03 November 2007

James K. Polk

Ok, so a month or so ago we went to South Carolina again and I took a separate car home, so I made some stops on the way. While enroute to my first stop, which was actually just across the North Carolina border, I found the James Polk Birthplace State Historic Site, in Mecklenburg County just south of Charlotte, NC. Polk spent the first years of his life here, then his familly moved to Tennessee. He was a staunch follower of Andrew Jackson, and spent time in Congress, then as Tennessee governor, then intended to run for Vice President. As it turned out however, the Democratic candidate, who was Martin Van Buren, did not want to expand slavery, which lost him popularity. As a result, the Democrats threw Polk in as a "dark horse" candidate, and he won the day. This unusual happening led many to saying "who is this James K. Polk?" The big issue facing the new Presidential candidates was the issue of Texas, newly independent and asking to be admitted into the US. Polk, like Jackson, was a firm believer in manifest Destiny and the US taking all the territory it could get. It was enough to win the election and President Tyler interpereted the results as the public supporting Texas. As a result, Texas was admitted to the US in Dec 1845.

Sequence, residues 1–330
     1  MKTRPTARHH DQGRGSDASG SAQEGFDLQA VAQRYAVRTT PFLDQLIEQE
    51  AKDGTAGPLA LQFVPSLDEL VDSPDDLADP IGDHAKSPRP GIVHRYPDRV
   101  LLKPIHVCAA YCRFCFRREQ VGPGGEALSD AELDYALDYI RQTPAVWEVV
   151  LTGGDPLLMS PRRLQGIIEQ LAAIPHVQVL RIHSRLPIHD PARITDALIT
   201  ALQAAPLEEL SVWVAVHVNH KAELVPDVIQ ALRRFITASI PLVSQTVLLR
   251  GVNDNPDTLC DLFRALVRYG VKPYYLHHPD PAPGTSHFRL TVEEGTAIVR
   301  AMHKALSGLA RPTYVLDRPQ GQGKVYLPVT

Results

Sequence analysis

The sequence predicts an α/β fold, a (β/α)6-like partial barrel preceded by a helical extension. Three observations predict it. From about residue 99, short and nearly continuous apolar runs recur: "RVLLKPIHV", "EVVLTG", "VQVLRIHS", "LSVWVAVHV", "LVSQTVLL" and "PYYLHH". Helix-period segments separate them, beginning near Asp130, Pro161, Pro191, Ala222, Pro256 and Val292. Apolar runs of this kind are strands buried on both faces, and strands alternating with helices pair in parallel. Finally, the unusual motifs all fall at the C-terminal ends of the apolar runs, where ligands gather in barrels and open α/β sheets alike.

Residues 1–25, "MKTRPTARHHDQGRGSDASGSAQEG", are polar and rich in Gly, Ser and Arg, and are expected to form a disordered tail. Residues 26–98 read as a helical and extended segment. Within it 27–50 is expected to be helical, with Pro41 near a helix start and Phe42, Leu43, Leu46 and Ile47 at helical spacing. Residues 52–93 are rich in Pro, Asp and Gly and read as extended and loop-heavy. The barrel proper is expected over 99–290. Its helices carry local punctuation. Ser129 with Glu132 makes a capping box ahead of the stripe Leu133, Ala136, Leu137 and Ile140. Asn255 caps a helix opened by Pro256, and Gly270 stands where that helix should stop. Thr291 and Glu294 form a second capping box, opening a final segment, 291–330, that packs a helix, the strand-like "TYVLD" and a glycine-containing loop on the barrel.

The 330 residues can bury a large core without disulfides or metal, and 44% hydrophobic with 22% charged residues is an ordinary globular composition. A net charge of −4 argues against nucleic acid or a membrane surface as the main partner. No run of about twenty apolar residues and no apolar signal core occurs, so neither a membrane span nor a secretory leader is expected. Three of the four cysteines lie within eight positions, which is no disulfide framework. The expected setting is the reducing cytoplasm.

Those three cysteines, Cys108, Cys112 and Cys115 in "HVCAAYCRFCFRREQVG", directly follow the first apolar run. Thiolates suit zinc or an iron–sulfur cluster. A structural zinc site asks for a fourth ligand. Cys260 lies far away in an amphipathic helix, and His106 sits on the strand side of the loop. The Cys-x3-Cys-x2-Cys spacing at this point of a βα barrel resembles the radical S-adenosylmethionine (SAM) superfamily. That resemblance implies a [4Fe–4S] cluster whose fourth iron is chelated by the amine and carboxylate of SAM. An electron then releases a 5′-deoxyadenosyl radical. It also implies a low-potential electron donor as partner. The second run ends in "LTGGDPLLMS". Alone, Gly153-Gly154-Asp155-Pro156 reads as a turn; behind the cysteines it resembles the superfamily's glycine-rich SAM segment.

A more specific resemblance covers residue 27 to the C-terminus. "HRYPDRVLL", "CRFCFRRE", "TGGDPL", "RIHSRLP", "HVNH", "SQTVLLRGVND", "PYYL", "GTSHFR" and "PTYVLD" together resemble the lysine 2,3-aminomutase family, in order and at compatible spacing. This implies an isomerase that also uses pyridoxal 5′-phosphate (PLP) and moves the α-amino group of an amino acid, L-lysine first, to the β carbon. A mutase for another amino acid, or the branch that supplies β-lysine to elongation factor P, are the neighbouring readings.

In 1846, the new President Polk avoided war with Britain by dividing the Oregon Territory by treaty. Also following the Texas annexation, Polk hoped to aquire the California area by purchase from Mexico. However, the Mexicans were angry over Texas and refused to even admit the President's representative. Polk, angered at this response, prepared to ask Congress for a declaration while sending troops to the border region. Days before his request, Mexico saved him the trouble by attacking American troops. Congress then quickly declared war and by 1848, Mexico surrendered. The newly aquired territory from the war and the subsequent Gadsden Purchase formed the now states of California, Nevada, Arizona, and Utah, and parts of New Mexico, Colorado and Wyoming. All this Western Expansion became his greatest legacy. After his one term in office, he said he was done and retired without even running for a second term. He died just three months after leaving office. The above photo is a reconstruction of what his family farm would have looked like. Below is a marker where they believe the original cabin was located.

Items that belonged to Polk and his family
Military Jacket from the Mexican War

Captured Mexican flag from the war.
War prizes from the Mexican war
Rifles and Epalauts from the war

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